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orange bliss petals
bring fiesta for eyes
and sweet citrus dreams
~Natalie Scarberry

The precepts of the Lord are right, giving joy to the heart. The commands of the Lord are radiant, giving light to the eyes. Psalm 19:8   ✝

Thank you, Lord Jesus, that you save, you heal, you restore, and you reveal Your Father’s heart to us! You have captured me with grace and I’m caught in Your infinite embrace! Like Saint Hildegard Lord, may I too be a feather on your holy breath and spread, like seeds, the gospel abroad.

374. Flowers really do intoxicate me. ~Vita Sackville-West

Flowers have spoken to me
more than I can tell in written words.
They are the hieroglyphics of angels,
loved by all men
for the beauty of their character,
though few can decipher
even fragments of their meaning.
~Lydia M. Child

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Like Sackville-West, “flowers really do intoxicate me” but none more than Poppies and Larkspur. However, until several years ago I’d not had any success in growing either of those two. Luckily, one day at the book store another gardener revealed that the trick here in north-central Texas is to sow the seeds of both in the fall. So I took her advice and the following autumn I threw poppy and larkspur seeds in several flower beds around the yard. Et voilà, much to my amazement, up they sprouted! After the Larkspur germinated, the seedlings grew into fluffy little green mounds that looked way too diminutive and delicate to survive winter’s upcoming, bitter assaults, but that they did. Then as Spring approached and days lengthened and warmed again, the seedlings produced upward growing center stalks, the stands of which my husband referred to as little forests for indeed that’s exactly what they looked like. Then some time after they’d begun their upward advance, he ran in excitedly to tell me that one of my little “trees” had flowers opening on it. And soon all the little” forests” exploded into spiky seas of luscious colors; so inviting was the “beauty of their character,” that I visited them daily as did the swallowtail butterflies and the bumblebees. The bees and butterflies were going for the tasty nectar and I to gaze in amazement at the long-yearned-for new additions to my garden. Although new in my yard, they were hardly new to the world for I’d found out over the winter that the stately Larkspur has existed for thousands of years. I also learned that at some point in time they were given the name Larkspur because one of their petal-like sepals elongates into a spur resembling the spur of a lark’s back toe. Might that too be the hieroglyph of an angel?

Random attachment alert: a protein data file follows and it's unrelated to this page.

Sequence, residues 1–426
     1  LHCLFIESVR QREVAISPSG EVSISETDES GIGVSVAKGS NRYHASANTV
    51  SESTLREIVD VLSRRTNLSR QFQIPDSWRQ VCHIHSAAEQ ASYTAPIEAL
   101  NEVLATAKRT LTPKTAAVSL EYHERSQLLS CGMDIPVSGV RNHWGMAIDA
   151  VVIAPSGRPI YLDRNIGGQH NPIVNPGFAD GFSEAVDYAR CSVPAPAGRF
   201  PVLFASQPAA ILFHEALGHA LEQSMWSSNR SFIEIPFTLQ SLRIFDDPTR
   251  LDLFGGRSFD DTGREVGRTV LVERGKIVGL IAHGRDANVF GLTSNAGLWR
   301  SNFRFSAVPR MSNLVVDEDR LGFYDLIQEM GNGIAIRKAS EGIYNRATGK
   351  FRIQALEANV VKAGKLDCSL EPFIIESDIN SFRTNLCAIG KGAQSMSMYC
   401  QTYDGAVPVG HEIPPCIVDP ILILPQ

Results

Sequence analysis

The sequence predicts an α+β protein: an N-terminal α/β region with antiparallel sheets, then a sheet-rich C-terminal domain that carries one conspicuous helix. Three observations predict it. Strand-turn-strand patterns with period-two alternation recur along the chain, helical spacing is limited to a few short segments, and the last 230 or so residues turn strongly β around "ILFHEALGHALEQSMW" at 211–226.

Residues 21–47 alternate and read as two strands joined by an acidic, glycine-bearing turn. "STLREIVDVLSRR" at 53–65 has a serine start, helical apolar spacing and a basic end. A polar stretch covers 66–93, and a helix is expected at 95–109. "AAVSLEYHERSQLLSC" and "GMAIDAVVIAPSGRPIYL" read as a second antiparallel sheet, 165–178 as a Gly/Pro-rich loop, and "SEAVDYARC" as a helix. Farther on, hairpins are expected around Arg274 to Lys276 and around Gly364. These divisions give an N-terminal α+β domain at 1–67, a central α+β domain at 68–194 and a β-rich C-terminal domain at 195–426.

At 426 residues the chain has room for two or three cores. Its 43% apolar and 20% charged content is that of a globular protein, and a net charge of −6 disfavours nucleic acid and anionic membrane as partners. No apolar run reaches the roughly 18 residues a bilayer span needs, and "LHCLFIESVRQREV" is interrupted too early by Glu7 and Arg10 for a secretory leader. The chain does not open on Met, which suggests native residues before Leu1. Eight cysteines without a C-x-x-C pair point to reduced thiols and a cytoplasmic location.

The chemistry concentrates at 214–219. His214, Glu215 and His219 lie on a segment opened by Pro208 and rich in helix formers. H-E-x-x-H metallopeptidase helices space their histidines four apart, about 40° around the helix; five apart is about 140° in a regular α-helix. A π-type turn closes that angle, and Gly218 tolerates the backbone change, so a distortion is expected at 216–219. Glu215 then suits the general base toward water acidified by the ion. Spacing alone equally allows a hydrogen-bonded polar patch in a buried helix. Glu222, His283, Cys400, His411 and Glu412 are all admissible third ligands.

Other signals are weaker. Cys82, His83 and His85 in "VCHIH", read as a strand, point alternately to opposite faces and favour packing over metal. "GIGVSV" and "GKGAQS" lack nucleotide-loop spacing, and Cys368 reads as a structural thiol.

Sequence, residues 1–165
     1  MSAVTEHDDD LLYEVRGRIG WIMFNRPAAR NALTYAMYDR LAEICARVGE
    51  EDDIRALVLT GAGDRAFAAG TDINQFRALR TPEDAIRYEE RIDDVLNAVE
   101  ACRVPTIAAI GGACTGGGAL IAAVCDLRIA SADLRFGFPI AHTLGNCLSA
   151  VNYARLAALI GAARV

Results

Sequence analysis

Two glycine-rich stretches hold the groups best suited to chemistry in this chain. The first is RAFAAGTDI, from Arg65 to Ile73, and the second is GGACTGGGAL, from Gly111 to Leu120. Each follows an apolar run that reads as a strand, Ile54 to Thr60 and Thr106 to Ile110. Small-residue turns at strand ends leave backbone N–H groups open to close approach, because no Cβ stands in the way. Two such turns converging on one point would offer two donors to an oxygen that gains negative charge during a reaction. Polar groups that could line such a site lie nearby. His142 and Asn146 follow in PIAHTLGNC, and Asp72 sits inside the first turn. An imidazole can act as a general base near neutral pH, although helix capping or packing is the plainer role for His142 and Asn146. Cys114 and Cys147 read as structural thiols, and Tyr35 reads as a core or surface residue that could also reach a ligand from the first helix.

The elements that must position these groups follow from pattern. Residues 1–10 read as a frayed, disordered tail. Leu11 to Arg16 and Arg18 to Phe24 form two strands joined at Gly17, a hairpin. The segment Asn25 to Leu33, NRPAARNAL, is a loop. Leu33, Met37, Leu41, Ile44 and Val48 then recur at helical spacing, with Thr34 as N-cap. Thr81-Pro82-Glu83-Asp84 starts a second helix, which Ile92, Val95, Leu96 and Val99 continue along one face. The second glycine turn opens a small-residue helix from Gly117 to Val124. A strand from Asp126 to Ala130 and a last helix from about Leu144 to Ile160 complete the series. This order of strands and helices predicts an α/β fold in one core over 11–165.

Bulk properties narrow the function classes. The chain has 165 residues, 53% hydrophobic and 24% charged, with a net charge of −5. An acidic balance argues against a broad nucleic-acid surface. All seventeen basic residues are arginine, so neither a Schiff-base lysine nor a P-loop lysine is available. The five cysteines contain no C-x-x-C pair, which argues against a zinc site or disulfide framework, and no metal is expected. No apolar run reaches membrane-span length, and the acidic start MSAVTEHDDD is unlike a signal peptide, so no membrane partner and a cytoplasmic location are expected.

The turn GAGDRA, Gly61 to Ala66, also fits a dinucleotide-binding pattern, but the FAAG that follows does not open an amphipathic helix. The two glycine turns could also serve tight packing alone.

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Praise the Lord from the heavens; praise him in the heights above. Praise him, all his angels; praise him, all his heavenly hosts. Praise him, sun and moon; praise him, all you shining stars. ~Psalm 148:1-3 ✝

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Thank you, Lord Jesus, that you save, you heal, you restore, and you reveal Your Father’s heart to us! You have captured me with grace and I’m caught in Your infinite embrace!

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342. Thou art the Iris, fair among the fairest… ~Henry Wadsworth Longfellow

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Undulating ranks of Iris
Slimly holding their broad flat blooms
Like tripods of incense
Aloft towards the moist spearing
Of morning sunlight.
~Michael Strange

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Iris, most beautiful flower,
Symbol of life, love, and light;
Found by the brook, and the meadow,
Or lofty, on arable height.
You come in such glorious colors,
In hues, the rainbow surpass;
The chart of color portrays you,
In petal, or veins, of your class.
You steal the full beauty of Springtime,
With your fragrance and sharp color glow.
~Edith Edwards

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“Arise, shine, for your light has come, and the glory of the Lord rises upon you.” Isaiah 60:1  ✝

Thank you, Lord Jesus, that you save, you heal, you restore, and you reveal Your Father’s heart to us! You have captured me with grace and I’m caught in Your infinite embrace!